Citizens of Mumbai now pay twice as much for gasoline as a citizen of New York City, Bloomberg has reported, with prices at the pump up 11 percent since the start of the year in India’s most populous city.
The price rise, however, has not got much to do with the latest trends in international oil prices, according to the report. It rather has to do with a series of increases in the sales tax, which, Bloomberg says, the government applied in an attempt to prop up public finances.
Since 2013, the sales tax on gasoline and diesel has risen almost six times and currently makes up about 60 percent of the end-price of the fuels. Gasoline and diesel account for more than 50 percent of India’s total oil consumption.
Prices at the pump are rising even though state refiners expected demand for gasoline to take a major hit from the surge in Covid-19 infections.
Argus reported last month Indian refiners expected demand for gasoline to shrink as much as 40 percent compared to pre-pandemic levels because of the lockdowns that the government imposed to stem the spread of the infection.
As a result of these forecasts, state-owned refiners plan to reduce their run rates to at least 80 percent this month, Argus also reported. This will, in turn, affect crude oil imports, which account for some 80 percent of the oil India consumes.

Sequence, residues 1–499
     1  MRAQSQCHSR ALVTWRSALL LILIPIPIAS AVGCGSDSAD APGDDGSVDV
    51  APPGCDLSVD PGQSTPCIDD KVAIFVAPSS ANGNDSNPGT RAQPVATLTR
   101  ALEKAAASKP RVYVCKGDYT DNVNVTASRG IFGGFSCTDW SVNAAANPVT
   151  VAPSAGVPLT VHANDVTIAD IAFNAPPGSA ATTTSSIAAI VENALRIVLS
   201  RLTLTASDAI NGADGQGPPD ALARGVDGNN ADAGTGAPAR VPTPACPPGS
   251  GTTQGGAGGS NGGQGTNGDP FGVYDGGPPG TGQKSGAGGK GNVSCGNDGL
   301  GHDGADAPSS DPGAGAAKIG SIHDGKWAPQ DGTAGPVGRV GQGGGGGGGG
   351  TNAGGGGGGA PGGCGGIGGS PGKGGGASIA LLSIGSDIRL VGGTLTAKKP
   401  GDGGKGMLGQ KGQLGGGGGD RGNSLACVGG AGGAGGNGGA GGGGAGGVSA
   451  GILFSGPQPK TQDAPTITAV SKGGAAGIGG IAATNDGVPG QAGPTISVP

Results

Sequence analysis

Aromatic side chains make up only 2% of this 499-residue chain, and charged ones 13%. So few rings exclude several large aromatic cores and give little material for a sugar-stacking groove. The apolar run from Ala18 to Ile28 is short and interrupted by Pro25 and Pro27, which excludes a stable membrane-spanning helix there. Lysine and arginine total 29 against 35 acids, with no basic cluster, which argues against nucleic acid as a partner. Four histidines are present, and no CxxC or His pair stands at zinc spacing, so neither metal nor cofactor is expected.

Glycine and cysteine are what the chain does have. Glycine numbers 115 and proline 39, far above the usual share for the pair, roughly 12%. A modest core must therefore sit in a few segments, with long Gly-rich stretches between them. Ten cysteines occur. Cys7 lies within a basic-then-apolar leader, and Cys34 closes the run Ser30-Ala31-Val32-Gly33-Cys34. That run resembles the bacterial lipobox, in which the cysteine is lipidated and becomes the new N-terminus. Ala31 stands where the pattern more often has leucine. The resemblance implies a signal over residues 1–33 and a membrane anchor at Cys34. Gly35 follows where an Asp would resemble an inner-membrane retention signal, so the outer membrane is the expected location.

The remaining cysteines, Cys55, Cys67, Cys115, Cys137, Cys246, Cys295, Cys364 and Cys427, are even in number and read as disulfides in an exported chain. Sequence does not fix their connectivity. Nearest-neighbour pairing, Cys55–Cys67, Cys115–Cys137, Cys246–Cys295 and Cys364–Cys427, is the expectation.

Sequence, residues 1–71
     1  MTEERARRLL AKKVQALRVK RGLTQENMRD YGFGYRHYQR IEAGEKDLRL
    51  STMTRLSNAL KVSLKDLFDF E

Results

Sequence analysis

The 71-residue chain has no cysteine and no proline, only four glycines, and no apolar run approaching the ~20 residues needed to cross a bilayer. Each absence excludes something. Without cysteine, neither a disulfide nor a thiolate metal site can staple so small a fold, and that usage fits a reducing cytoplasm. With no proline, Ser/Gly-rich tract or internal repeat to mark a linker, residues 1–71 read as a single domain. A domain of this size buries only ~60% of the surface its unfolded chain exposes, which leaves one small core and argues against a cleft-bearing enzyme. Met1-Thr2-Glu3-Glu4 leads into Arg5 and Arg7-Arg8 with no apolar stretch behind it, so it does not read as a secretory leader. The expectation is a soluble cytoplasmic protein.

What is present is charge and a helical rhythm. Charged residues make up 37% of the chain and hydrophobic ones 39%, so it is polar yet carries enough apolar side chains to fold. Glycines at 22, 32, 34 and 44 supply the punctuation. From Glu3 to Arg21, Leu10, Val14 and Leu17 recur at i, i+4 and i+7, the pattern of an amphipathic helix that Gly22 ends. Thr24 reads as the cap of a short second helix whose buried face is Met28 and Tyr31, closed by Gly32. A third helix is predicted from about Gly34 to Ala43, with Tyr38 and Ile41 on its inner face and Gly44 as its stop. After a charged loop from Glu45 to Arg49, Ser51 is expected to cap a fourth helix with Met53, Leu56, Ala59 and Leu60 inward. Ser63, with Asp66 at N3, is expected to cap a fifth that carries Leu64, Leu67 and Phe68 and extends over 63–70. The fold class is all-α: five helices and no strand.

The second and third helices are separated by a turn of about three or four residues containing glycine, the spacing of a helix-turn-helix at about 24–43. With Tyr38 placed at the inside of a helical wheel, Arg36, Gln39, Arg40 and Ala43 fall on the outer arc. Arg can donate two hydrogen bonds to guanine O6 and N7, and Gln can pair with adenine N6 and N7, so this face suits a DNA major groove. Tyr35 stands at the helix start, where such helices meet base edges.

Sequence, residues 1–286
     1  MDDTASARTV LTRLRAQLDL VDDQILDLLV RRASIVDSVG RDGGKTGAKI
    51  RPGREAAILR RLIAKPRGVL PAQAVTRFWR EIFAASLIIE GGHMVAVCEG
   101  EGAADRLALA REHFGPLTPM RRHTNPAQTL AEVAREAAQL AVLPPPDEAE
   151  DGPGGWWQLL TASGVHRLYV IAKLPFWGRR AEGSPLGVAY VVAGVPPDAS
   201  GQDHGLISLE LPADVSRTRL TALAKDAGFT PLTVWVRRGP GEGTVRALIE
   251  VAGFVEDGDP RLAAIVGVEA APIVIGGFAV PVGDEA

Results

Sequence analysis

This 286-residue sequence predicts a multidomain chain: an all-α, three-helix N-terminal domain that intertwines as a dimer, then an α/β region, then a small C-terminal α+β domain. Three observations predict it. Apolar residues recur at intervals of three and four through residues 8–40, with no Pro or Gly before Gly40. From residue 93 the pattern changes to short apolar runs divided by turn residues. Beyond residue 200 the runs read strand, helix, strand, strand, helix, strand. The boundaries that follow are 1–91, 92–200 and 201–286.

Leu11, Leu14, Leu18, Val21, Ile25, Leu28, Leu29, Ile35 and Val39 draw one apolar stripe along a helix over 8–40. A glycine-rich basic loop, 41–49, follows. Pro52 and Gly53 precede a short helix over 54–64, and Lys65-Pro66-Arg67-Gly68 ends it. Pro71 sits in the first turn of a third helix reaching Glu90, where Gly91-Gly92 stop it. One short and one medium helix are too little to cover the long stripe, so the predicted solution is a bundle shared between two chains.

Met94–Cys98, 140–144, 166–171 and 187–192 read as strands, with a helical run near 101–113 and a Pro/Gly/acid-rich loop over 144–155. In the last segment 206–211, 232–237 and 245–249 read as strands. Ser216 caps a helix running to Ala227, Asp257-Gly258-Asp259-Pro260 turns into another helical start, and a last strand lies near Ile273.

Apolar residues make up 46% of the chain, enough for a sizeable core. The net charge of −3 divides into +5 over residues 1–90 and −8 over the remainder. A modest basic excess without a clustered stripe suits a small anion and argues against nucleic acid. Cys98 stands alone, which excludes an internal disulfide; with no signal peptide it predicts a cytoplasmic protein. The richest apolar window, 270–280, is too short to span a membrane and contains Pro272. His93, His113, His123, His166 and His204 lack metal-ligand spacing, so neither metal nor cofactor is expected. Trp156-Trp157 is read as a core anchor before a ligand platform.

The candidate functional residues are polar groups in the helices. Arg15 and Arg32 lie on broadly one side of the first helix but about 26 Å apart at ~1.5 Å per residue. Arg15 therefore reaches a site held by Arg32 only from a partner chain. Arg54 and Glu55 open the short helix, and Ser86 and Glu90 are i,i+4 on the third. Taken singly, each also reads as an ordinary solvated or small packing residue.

According to the report, the reduction in capacity utilization at state-owned refineries could lead to production cuts of some 290,000 bpd for gasoline and 700,000 bpd for diesel, from pre-pandemic consumption levels of 715,000 bpd for gasoline and 1.75 million bpd for diesel for June and July.
The pandemic led to a decline in India’s crude oil imports to 3.97 million bpd in the 12 months to March 2021. That was down by 11.8 percent from a year earlier, before Covid-19 spread globally.
By Charles Kennedy for Oilprice.com
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